Western Blots

Western Blots / Western blotting is a well established technique for the analysis of intracellular protein levels. Since blotting relies heavily on antibodies, western blotting is often a frustration for many researchers with poor signal-to-noise ratios and poor target specificity. In addition, most western blotting is currently performed using two antibodies – one recognising the target epitope and a second able to bind to the primary antibody which is linked to a reporter molecule e.g. HRP, fluorophores.

Aptamers offer researchers multiple benefits over antibody based systems:

  • Cleaner bands – ability to increase number of fluorophores to increase signal-to-noise ratios
  • Less non-specific bands – western blotting can be considered the primary outcome during the selection stage, plus the use of counter-selection targets to increase specificity
  • Direct conjugation to reporter – no secondary antibody incubation/washing times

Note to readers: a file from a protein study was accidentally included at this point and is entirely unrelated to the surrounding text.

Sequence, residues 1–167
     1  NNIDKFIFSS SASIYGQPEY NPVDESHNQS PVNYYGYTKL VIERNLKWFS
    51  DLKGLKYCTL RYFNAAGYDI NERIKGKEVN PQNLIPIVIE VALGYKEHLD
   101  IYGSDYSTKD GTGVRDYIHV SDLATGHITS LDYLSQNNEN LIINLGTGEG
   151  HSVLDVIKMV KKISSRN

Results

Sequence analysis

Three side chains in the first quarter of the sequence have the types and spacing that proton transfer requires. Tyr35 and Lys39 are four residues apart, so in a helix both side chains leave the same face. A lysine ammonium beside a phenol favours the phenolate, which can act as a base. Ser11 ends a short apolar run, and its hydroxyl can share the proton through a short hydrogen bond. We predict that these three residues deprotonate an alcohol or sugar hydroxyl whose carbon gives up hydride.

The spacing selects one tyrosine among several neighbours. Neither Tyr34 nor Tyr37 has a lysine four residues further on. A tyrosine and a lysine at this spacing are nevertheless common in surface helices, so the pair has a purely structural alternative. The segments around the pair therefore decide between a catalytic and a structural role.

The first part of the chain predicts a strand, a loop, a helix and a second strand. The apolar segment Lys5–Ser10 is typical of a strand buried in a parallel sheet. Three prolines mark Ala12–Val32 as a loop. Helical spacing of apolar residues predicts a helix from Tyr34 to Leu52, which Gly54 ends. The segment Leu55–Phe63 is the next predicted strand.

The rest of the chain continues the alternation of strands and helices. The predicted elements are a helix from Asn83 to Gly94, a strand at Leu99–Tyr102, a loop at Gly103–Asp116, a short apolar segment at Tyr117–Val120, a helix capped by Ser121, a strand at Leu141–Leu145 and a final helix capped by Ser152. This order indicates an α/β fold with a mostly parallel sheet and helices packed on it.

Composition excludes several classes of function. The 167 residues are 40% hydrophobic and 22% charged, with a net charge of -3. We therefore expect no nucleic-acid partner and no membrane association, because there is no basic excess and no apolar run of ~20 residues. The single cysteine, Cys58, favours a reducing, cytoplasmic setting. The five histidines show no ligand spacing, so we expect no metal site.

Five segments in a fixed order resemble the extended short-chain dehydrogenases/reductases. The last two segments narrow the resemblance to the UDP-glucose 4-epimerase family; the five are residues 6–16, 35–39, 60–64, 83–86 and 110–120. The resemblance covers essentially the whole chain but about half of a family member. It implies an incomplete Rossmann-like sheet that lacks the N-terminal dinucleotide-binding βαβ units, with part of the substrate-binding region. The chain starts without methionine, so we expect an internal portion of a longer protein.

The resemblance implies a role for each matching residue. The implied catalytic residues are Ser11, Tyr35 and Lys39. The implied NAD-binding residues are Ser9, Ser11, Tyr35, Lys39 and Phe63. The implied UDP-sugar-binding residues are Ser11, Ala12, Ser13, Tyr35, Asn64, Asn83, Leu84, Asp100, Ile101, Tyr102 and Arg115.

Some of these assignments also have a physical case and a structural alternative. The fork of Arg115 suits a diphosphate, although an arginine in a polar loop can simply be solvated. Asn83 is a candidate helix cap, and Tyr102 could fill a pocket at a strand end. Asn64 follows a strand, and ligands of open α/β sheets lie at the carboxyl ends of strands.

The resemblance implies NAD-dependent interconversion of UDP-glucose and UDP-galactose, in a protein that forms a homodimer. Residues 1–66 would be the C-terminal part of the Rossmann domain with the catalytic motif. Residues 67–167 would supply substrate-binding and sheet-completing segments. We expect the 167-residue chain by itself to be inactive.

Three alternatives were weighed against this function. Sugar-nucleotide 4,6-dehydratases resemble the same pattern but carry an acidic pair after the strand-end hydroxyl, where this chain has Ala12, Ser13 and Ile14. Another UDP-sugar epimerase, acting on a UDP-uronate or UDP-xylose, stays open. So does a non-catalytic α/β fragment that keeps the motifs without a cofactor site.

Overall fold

• Nucleic acids poorly bind PVDF/nitrocellulose membranes – no membrane blocking steps required
  • Lower costs – once developed, aptamers can be provided at a much lower cost than antibodies due to chemical synthesis compare to animal facilities

Dot Blots

Whilst less common that western blotting, dot blots allows the researcher to immobilise protein material directly to a membrane, without the time consuming process of SDS-PAGE.

The speed of membrane preparation, coupled with the advantages of aptamer technology allows the researcher to perform experiments in a high-throughput, cost effective manner.

 

Representative dot blots

Example data of dot blots comparing two polyclonal aptamer pools. A protein of interest was pipetted onto a nitrocellulose membrane and allowed to adhere. Membranes were incubated with either the native library or aptamer pool (1nM) overnight and washed the following day before imaging.